Norwich Part II: The Royal Arcade

Opened in 1899, the 247 foot long covered avenue was designed and built by Dereham-born architect George Skipper and today it houses a wonderful mixture of shops and restaurants – plus the famous Colman’s Mustard Shop!


Art Nouveau was so-called from Samuel Bing’s art shop “Maison l’art Nouveau” an international movement to bring together the finest designers and craftsmen to unify the designs of buildings, furnishings and decorative arts within.

Influenced by Japanese art and the Arts and Crafts Movement, the English Art Nouveau used flowing lines and symbols from nature.


The peacock used in the Arcade frieze was a common feature. And stained glass was widely used.



The original design of the arcade  and its decorative features show that George Skipper was experimenting with Art Nouveau influences. He was aware of the work of the leading architects of the day; Victor Horta in Belgium and Hector Gimard in Paris. According to Sir John Betjamin “he was to Norwich what Gaudi was to Barcelona”.


The beautiful stylised patterned floor, the curved wooden-framed shop windows, the use of colourful tiles and the wonderful luxurious lighting make this shopping mall so much more than  a sum of its parts. It took me back to the arcades of Paris and in particular the very elegant Galerie Vivienne

The entrance from Castle Meadow opposite the castle is hidden behind an ugly facade so easy to miss, or you can approach it from Castle Street.


At the far end of the arcade the opening is through a pair of tiled archways which lead on to Gentleman’s Walk and the Market Place.

Exit on to the Market Place

Source: Information plaques in the arcade and Royal Arcade of Norwich website.

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I have lived in the UK for most of my life, but when young I definitely had wanderlust and even ended up living in South Africa for several years which was a wonderful experience. I now look forward to a long and leisurely retirement doing what I like most - gardening, photography, walking and travelling.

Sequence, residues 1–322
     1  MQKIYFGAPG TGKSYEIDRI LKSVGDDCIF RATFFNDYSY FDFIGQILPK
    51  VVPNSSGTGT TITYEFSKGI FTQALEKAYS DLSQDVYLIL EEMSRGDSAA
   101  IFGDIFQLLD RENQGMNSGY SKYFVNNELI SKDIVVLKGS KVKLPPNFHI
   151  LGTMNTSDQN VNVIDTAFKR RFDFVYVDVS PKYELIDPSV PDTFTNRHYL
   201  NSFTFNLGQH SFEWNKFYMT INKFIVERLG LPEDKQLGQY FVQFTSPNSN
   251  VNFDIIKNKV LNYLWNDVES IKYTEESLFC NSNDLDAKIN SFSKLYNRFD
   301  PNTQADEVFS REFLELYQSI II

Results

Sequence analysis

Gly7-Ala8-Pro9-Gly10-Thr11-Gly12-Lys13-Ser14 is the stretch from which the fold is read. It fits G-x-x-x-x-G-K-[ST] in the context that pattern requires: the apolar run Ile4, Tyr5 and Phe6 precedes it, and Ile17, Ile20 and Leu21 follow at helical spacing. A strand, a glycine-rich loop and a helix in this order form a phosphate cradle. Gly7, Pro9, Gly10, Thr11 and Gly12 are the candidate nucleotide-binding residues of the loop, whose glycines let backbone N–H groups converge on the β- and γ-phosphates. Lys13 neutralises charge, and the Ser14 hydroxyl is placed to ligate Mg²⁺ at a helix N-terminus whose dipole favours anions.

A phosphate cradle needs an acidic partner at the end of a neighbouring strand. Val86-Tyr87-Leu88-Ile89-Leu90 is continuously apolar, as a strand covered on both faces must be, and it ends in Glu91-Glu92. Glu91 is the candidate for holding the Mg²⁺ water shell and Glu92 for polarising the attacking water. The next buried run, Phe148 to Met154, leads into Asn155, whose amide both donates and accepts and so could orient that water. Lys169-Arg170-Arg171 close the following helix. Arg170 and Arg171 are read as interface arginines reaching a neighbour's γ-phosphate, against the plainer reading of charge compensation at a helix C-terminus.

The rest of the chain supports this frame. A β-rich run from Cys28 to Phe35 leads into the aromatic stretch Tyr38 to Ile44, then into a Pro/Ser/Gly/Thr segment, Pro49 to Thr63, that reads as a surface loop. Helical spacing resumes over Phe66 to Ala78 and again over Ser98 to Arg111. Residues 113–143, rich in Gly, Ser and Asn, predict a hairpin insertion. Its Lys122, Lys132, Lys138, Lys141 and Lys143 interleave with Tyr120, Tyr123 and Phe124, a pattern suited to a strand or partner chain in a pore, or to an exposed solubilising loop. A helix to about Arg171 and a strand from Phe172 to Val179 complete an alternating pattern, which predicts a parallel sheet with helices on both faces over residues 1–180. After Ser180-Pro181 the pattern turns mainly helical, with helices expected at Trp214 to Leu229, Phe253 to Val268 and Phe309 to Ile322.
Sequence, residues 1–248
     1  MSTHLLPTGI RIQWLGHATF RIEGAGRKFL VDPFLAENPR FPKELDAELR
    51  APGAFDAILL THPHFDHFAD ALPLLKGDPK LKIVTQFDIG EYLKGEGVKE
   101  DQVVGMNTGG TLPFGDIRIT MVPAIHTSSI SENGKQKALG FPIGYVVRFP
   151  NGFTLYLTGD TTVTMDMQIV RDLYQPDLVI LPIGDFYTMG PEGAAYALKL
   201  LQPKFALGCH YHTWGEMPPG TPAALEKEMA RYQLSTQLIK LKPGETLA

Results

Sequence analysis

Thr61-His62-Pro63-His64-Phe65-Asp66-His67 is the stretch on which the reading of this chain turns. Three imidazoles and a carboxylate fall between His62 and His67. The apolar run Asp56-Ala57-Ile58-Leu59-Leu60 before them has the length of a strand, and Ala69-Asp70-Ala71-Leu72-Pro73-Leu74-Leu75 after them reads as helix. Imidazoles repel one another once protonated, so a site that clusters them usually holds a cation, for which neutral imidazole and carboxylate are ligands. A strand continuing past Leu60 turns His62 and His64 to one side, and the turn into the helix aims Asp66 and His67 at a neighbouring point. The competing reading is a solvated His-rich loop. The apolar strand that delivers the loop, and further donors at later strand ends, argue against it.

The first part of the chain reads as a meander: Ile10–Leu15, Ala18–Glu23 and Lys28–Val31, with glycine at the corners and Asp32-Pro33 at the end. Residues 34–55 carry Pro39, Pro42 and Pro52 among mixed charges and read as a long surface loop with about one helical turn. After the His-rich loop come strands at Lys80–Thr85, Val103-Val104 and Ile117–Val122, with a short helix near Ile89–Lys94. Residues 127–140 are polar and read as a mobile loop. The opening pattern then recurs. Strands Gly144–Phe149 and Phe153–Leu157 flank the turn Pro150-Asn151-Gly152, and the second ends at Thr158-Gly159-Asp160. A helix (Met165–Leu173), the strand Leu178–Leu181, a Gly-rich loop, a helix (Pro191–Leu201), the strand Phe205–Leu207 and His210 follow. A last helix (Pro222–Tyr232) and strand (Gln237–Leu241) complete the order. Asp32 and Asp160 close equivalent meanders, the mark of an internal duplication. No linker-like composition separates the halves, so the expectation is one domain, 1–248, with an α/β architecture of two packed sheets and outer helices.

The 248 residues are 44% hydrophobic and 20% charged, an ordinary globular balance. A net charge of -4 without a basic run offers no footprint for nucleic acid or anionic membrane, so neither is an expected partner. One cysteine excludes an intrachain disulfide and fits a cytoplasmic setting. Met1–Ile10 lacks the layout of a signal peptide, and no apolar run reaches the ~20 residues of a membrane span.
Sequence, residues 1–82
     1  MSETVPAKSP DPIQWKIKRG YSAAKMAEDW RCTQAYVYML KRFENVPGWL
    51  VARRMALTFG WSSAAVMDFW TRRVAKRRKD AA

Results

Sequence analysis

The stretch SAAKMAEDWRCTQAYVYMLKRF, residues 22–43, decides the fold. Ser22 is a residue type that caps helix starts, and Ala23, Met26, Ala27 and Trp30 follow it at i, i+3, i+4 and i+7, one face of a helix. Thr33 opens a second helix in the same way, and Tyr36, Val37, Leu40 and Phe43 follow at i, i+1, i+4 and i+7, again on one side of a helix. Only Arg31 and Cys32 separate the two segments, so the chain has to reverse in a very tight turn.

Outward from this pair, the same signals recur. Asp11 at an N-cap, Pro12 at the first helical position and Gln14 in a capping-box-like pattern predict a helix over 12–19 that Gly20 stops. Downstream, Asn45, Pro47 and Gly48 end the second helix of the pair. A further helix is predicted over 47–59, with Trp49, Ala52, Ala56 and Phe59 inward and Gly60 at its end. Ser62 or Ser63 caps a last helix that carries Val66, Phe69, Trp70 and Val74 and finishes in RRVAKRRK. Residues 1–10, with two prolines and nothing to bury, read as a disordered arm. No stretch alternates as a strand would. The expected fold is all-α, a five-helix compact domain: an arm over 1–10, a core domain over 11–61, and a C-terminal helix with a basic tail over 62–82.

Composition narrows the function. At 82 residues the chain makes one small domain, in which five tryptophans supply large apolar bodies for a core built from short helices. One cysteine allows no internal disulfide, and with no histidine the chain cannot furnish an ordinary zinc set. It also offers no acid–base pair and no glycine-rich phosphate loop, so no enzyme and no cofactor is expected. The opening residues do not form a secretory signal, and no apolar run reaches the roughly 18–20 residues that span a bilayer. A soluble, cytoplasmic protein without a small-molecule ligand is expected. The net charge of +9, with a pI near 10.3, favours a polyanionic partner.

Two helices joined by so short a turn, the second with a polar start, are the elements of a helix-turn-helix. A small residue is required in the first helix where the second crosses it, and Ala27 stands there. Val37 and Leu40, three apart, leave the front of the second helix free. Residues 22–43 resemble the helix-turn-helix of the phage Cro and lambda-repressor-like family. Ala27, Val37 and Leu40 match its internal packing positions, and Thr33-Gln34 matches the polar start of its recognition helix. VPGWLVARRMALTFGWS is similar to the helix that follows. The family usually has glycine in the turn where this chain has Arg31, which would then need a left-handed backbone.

40 thoughts on “Norwich Part II: The Royal Arcade”

  1. Beautiful. The first photo made me think of the Strand Arcade in Sydney and I now realise both were built around the same time. Love the design.

  2. Ooh, tiles and stained glass, can’t go wrong Jude, I love those arched tree windows. And you found a chocolate shop 🙂 I really wish Exeter still had its arcade.

    1. AND I managed to stay outside the chocolate shop!! I would have imagined Exeter to have arcades, but I suppose much of the city was destroyed by bombing in the war.

  3. Loved seeing a little of Norwich in a completely way Jude . I’m not quite sure what impression or knowledge I had of it really except Colman’s Mustard of course and Delia Smith waving the the local football flag ! Always been interested in Art Nouveau style and The Arts and Crafts Movement , those tiles make such an impact . I imagine there’s considerable footfall through that arcade just now 😉

  4. Wow this is so incredible and beautiful! I would love to visit this place.
    I’m also doing a part to tell people about the art and crafts of my area. Do check it and I hope you’ll like it. 🙂

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